Sometimes, there just isn’t anything you can add. Enjoy!
— Steve Schmidt (@SteveSchmidtSES) August 16, 2020
And I can already hear some people saying “what’s wrong with that?” And the answer is, it’s prohibited. Kind of like our discussion yesterday, there are things you cannot do because it does not serve the public, you know, the people who do the voting. And there is an office called The United States Office of Government Ethics. And they are very clear about what is not allowed. Federal employees, including the President are prhibited from:
So, the question becomes, why do we continue to let this slide? What is it about this terrible man/child that we let him so boldly flaunt the rule of law without ever holding him accountable? Why are so silently complicit? It is only by holding our officals accountable that we’ll ever make any change. As long as we sit by idly, waiting for something good to happen, we’re going to be exploited for their gain over, and over, and over again. Speak up!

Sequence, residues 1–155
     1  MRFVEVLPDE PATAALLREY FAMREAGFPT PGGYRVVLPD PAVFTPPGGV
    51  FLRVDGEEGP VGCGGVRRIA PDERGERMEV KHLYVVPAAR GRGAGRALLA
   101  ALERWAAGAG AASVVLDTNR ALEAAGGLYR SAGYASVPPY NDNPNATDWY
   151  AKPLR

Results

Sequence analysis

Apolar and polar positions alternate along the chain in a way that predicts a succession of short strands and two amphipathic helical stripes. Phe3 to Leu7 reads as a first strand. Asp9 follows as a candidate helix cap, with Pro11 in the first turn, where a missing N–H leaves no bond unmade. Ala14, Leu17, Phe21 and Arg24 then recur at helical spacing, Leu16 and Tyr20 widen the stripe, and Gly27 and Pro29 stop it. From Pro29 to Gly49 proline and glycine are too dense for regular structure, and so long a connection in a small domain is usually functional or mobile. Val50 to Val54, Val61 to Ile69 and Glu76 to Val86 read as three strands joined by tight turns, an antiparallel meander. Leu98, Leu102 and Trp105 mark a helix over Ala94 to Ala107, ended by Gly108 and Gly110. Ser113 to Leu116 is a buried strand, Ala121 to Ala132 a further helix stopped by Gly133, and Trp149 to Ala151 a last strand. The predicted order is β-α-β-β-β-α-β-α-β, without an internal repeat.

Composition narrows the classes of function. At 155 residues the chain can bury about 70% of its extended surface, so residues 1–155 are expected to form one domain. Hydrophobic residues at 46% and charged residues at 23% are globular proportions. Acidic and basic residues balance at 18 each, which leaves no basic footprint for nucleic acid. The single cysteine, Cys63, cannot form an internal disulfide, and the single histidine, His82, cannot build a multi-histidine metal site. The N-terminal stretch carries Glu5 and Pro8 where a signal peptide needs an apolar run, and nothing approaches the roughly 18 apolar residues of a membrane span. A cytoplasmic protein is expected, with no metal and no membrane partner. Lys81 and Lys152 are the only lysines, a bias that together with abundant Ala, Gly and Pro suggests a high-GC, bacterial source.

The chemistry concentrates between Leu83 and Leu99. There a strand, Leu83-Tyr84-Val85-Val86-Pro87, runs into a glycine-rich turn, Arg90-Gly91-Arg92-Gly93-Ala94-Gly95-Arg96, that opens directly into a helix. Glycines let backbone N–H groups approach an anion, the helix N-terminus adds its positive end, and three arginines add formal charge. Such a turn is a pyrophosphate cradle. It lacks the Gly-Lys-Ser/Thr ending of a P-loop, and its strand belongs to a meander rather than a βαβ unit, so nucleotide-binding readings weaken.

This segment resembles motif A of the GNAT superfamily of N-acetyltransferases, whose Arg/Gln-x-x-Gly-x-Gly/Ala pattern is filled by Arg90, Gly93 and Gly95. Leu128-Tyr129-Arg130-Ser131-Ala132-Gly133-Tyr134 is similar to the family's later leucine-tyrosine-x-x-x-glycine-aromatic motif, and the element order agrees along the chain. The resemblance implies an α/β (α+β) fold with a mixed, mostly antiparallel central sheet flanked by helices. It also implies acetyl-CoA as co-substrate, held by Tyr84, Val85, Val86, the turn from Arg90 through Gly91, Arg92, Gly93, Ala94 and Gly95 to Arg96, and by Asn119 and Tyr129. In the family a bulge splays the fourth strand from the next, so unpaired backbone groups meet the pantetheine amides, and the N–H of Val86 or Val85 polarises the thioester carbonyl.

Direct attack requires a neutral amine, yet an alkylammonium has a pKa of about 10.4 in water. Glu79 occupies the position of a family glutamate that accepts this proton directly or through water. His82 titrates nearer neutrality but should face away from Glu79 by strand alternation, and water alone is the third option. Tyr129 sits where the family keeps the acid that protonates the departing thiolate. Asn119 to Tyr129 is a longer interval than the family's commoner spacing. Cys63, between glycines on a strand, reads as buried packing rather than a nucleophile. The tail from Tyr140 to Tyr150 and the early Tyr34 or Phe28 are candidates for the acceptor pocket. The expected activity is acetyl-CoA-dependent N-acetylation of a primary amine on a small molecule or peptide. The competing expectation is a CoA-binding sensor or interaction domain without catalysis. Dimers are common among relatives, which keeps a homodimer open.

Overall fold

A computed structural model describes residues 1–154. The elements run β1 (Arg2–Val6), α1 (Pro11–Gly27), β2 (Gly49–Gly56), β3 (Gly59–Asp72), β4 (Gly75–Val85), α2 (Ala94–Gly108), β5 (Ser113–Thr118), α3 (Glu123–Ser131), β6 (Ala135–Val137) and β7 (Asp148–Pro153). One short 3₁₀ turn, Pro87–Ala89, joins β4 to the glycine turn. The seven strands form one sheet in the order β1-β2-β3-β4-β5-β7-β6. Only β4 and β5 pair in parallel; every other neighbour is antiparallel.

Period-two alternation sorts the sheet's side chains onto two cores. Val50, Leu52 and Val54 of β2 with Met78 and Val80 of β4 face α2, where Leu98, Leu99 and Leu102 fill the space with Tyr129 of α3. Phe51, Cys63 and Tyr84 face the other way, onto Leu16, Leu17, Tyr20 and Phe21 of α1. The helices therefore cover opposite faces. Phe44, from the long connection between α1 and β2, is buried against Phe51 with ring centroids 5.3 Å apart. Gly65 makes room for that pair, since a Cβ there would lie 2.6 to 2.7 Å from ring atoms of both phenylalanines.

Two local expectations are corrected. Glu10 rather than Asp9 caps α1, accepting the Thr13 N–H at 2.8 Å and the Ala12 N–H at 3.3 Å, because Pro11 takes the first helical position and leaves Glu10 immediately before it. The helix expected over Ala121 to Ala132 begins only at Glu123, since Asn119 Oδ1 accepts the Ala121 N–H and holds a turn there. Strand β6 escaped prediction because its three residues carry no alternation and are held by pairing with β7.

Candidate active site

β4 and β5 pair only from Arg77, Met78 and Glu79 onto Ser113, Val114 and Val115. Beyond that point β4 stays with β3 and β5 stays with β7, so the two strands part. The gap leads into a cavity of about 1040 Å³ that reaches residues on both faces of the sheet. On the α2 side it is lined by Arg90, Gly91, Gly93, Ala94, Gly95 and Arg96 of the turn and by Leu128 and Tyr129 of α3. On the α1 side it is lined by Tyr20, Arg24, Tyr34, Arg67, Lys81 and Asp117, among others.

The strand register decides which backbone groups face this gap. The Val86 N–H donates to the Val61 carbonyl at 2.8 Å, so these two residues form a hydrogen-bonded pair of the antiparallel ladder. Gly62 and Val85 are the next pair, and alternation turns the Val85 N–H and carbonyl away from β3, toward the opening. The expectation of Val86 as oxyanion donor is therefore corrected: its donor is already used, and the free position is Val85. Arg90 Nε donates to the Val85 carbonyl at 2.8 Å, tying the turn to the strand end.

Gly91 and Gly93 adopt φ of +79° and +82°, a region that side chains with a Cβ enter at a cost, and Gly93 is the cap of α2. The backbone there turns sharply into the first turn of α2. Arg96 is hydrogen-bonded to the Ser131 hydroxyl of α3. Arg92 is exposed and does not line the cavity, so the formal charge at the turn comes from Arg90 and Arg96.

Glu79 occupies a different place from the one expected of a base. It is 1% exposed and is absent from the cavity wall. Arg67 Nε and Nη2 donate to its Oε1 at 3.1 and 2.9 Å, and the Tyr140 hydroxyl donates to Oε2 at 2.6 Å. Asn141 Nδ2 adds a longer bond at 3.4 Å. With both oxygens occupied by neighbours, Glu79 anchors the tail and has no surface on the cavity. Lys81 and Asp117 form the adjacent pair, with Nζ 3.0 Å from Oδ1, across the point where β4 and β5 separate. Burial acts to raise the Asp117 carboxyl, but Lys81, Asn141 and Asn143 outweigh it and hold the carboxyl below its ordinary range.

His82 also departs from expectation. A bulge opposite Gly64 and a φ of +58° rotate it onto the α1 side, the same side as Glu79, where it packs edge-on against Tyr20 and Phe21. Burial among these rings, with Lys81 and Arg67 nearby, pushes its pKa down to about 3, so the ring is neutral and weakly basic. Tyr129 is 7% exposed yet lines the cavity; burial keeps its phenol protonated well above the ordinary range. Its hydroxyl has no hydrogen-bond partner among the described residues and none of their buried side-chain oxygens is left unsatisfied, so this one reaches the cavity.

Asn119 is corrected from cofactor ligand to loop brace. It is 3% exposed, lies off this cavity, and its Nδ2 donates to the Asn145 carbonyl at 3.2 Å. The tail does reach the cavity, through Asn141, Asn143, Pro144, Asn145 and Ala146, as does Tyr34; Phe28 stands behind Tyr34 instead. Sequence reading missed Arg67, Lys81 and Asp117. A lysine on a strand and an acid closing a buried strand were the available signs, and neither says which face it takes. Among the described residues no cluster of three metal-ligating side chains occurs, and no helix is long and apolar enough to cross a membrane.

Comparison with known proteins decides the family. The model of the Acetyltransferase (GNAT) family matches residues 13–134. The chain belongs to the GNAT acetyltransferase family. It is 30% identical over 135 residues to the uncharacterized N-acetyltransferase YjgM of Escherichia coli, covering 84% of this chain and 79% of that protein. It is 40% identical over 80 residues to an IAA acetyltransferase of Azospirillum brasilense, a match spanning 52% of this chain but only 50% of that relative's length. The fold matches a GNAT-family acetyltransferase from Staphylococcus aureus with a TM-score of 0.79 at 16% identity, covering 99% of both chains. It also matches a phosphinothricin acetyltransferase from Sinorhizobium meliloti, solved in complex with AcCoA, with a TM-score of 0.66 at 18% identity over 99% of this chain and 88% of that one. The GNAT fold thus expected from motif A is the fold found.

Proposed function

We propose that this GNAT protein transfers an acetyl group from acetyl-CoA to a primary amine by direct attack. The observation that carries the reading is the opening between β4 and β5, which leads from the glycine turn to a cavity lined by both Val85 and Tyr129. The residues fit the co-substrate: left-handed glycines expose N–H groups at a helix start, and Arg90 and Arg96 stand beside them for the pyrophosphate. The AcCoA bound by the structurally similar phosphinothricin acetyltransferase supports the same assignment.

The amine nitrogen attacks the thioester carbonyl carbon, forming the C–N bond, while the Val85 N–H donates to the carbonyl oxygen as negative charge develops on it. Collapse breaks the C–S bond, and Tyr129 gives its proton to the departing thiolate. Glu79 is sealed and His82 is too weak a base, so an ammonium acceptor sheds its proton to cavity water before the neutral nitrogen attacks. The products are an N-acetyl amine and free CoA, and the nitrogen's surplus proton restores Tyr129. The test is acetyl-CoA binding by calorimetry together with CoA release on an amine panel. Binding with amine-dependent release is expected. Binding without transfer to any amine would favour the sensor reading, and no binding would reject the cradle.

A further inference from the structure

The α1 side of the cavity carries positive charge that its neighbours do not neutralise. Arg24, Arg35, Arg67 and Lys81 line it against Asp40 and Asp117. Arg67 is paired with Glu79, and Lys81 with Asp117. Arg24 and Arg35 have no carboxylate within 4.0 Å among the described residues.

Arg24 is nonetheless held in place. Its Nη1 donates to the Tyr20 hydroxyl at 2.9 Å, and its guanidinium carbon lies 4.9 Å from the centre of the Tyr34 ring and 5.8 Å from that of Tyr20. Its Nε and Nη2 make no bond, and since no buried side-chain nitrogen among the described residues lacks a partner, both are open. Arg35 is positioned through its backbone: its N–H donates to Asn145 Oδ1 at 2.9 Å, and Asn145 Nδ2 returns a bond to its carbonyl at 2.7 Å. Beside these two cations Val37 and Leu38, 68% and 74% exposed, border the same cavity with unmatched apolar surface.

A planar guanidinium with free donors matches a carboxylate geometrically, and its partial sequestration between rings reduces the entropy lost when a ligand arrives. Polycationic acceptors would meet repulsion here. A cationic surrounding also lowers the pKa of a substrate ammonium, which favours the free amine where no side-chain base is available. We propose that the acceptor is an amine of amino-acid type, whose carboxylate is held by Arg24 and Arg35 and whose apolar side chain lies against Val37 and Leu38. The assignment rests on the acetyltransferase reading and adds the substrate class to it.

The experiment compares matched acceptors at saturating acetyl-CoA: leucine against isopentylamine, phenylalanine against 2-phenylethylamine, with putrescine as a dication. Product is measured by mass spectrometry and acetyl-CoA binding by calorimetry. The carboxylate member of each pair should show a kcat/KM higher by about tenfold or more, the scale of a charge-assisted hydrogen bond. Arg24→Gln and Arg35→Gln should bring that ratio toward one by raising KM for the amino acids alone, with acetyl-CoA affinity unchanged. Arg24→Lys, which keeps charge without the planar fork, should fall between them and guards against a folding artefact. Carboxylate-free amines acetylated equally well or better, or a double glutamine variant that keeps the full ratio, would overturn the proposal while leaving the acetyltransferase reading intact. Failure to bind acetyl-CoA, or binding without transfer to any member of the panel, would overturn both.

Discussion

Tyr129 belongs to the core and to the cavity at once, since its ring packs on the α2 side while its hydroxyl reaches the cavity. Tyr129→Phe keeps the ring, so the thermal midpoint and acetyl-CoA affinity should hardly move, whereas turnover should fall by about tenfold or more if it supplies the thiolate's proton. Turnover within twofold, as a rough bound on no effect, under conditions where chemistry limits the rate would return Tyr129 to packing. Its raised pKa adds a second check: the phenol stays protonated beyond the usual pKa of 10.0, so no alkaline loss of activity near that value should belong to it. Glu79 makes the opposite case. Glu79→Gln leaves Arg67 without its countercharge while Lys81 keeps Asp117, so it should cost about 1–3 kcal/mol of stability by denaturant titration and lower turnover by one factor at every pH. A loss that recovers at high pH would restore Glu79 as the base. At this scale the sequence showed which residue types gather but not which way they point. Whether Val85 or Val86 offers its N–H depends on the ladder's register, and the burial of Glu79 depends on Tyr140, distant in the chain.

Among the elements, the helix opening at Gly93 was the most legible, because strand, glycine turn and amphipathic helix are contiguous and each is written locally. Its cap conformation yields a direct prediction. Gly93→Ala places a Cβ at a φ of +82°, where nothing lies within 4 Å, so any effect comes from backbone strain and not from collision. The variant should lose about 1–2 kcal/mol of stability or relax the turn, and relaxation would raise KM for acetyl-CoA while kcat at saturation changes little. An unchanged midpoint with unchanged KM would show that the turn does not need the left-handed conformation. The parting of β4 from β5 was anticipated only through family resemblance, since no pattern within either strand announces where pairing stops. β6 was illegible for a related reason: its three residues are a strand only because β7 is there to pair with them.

Oh, and wear a mask! 🙂
I offer you two words, slaughter and butcher. Two words where virtually every meaning is bad, except (presumably) the killing of animals for food. And in response to that, I offer you Melanie Joy. If you haven’t seen her TED talk, enjoy.
slaugh·ter | ˈslôdər |
verb [with object]
butch·er | ˈbo͝oCHər |
verb [with object]
Worry not, people, the Food Revolution Summit is almost over! I’m tuning in to just two more speakers from Saturday, so the last update may be Monday morning. Today, though, there were two great speakers, named above.
Dr. Katz is the President of the American College of Lifestyle Medicine and someone I frequently retweet, so his name may be familiar to some because of that.
Most disease is caused by environmental toxins (tobacco), poor diet, and lack of exercise. He went on to expound on Dan Buettner‘s work on the Blue Zones project and how that applies to lifestyle medicine. If you’re not familiar with Dan Buettner and the Blue Zones, take a moment to familiarize yourself. It started as a fascinating National Geographic project to find the people who live the longest on the planet and how they are similar. Dan took this work and is now trying to proactively apply it to communities. Cool stuff. Anyway, combining the Lifestyle Medicine work with the Blue Zone work Dr. Katz has a list of 6 keys to health and longevity:
“Dinner is destiny”. I love that, simple and profound. The point is that it’s what you do every day that matters the most.